“Let them eat cake”, Marie Antoinette is supposed to have said. “Let them eat chocolate” would have been more fashionable. By the time the French queen is purported to have uttered those words in 1789, chocolate was no longer just a hot sweetened drink favoured by the elite, it was a cold, hard substance you could nibble on too, and all the rage thanks to a man named Sulpice Debauve.

Marie Antoinette c1778, painted by Élisabeth-Louise Vigée-Le Brun
Marie Antoinette c1778, painted by Élisabeth-Louise Vigée-Le Brun © Imagno/Getty Images

Debauve was the royal pharmacist and official chocolatier to Marie Antoinette. Or so the story goes. The Austrian princess was such a fan of hot chocolate (she drank it “à la Viennoise” with Chantilly cream on top) that she arrived at the French court in 1770 accompanied by her own chocolatier. That man’s name is lost to history, presumably because he was eclipsed in favour by his French successor. After the queen complained about the bitterness of her headache cure, Debauve proposed wrapping her medicine in cocoa sweetened with almond milk and waiting for it to solidify. His “pistoles”, as the queen christened the coin-shaped medallions, were a hit, and marked the advent of the first chewable chocolates.

Debauve & Gallais boutique on Rue des Saints-Pères
Debauve & Gallais boutique on Rue des Saints-Pères

In 1800, Debauve opened his first chocolate factory on the Left Bank. When Debauve’s nephew M Gallais, also a pharmacist, joined the company in 1823, it adopted its current name Debauve & Gallais. At the Rue des Saints-Pères branch – and a second location on Rue Vivienne – the extensive range includes bonbons based on historic recipes. Among them are Napoleon’s favoured croquamandes (caramelised almonds coated with dark chocolate, from €30), Charles X’s Fleur de Lys (a caramel ganache covered with chocolate, part of the Classiques délicieux box, from €25), and a coin purse’s worth of pistoles, including Marie Antoinette’s almond milk version (from €25).

The Écrin de Classiques Délicieux at Debauve & Gallais, from €25
The Écrin de Classiques Délicieux box at Debauve & Gallais, from €25 © Thomas Tissandier
Debauve & Gallais 55 per cent dark milk tablette, origin Republic of Congo
Debauve & Gallais 55 per cent dark milk tablette, origin Republic of Congo © Thomas Tissandier

I’m working my way through a box right now: all dark chocolate except for the almond milk pistoles, engraved with designs inspired by the Queen’s jewellery collection. It’s not your customary experience. None of the prolonged dégustation that comes with ganaches, pralines or caramels. Each disc breaks on your teeth, turns over a few times in your mouth and is gone – like the Snapchat of chocolates. But what flavours: orange blossom, verbena, coffee, vanilla, honey and a crisp hit of cocoa-rich chocolate.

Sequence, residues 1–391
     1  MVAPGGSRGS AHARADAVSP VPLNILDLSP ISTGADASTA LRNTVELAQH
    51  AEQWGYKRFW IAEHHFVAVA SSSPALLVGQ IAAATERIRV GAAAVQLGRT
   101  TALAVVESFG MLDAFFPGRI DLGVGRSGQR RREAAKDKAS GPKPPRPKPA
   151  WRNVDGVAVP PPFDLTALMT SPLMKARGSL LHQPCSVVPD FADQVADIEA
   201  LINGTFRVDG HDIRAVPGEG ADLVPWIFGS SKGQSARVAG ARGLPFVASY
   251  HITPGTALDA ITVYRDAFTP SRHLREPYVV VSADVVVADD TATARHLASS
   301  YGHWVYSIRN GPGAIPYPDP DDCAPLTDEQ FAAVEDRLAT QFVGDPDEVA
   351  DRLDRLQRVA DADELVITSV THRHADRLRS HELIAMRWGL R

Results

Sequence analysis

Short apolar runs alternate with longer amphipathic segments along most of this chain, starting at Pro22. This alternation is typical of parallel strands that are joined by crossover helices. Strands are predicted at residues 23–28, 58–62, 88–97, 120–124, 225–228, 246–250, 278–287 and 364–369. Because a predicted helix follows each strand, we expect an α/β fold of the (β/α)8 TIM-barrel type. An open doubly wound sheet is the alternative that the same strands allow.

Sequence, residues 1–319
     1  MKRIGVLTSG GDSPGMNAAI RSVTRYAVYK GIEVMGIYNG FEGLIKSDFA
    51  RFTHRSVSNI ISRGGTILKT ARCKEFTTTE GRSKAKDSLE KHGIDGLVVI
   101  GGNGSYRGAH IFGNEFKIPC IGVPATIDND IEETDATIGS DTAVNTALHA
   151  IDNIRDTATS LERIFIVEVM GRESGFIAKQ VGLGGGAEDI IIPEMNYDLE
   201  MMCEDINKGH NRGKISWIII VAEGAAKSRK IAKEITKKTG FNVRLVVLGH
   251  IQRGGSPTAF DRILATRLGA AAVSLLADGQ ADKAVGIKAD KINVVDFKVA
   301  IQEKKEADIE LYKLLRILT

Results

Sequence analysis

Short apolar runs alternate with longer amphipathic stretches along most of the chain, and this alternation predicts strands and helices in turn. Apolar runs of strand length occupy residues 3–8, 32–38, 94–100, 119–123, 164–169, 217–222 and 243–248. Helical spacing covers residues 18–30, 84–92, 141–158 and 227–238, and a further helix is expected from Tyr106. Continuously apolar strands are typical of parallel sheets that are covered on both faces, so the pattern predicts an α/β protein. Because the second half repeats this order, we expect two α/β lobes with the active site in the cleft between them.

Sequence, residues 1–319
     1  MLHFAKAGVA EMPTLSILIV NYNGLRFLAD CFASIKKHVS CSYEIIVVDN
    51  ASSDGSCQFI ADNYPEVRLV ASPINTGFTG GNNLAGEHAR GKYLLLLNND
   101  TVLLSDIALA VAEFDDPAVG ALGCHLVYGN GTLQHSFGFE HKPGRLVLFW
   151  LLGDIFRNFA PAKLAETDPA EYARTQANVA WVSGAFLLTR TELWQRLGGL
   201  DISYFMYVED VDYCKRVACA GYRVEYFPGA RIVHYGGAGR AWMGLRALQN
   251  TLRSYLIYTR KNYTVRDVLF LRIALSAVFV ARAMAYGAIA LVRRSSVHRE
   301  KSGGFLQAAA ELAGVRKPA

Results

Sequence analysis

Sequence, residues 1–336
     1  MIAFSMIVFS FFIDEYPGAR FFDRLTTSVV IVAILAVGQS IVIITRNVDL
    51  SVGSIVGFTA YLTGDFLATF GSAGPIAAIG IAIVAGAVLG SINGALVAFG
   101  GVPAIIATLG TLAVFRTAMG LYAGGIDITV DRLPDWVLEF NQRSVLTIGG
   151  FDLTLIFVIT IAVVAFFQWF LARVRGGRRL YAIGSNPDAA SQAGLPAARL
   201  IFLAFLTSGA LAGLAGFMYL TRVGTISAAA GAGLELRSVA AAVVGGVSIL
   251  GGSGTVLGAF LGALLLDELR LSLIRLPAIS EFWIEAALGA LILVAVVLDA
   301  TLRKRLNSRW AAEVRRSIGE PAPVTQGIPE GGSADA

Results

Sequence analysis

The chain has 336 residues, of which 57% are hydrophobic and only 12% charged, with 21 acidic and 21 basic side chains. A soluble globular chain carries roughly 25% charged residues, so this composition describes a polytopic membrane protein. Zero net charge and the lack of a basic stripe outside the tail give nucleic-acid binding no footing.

Today, Paris is home to hundreds of chocolatiers, each with a distinct appeal. The Debauve & Gallais stores resemble 19th-century apothecaries. À la Mère de Famille’s 18th-century shop, on Rue de Faubourg Montmartre, promises similar antique charm with glass-topped displays, candied fruits and confectionery alongside its handmade chocolates. La Maison du Chocolat, launched by Robert Linxe on Rue du Faubourg Saint-Honoré in 1977 and pivotal in establishing a global demand for premium chocolates made in France, started a trend for boutiques modelled on watch and jewellery stores: chic spaces in muted shades. Michel Chaudun worked at Maison du Chocolat before opening his own store on Rue de L’Université in 1986, cherished for its Wonka-like displays.

Assorted chocolates at À la Mère de Famille
Assorted chocolates at À la Mère de Famille © Geraldine Martens

As for the chocolate, French makers tend to favour bitter dark over milk. Grand cru chocolates are considered in the same way as fine wine, with a focus on bouquet and finish. But you can find plenty of uncomplicated treats at even the most refined suppliers. Obvious crowd-pleasers from À La Mère de Famille include its tin of florentines, croustillants, beggars and chocolate almonds (€40.50). Among chef Cyril Lignac’s creations are marshmallow bears (from €6), green tea and sesame dark chocolate slabs that taste like posh sesame snaps (€8.50), and caramel nougat peanut chocolate bars (€4) recreating all the fudgy pleasure of mass-market favourites.

Inside Louis Fouquet chocolatiers on Avenue Montaigne
Inside Louis Fouquet chocolatiers on Avenue Montaigne

Some more deluxe chocolates halted me in my tracks. I defy anyone not to be seduced by the “boîte ronde” of 23 “old-fashioned pralines” from Louis Fouquet (€34). I also adored Alain Ducasse’s flavoured ganaches, including prune Armagnac and coconut and passion fruit, and his “Rustic Peru” 75 per cent dark chocolate bar (£10), in which I picked out notes of fermented blueberries, leather and even gasoline. I kept coming back, however, to a box of dark pralines and ganaches from Debauve (from €25) that comes with tasting notes from M Debauve himself. “Gently grab Marie Antoinette’s pistole […] and make each bite last an eternity” is my translation. It sounds even more enticing in French.


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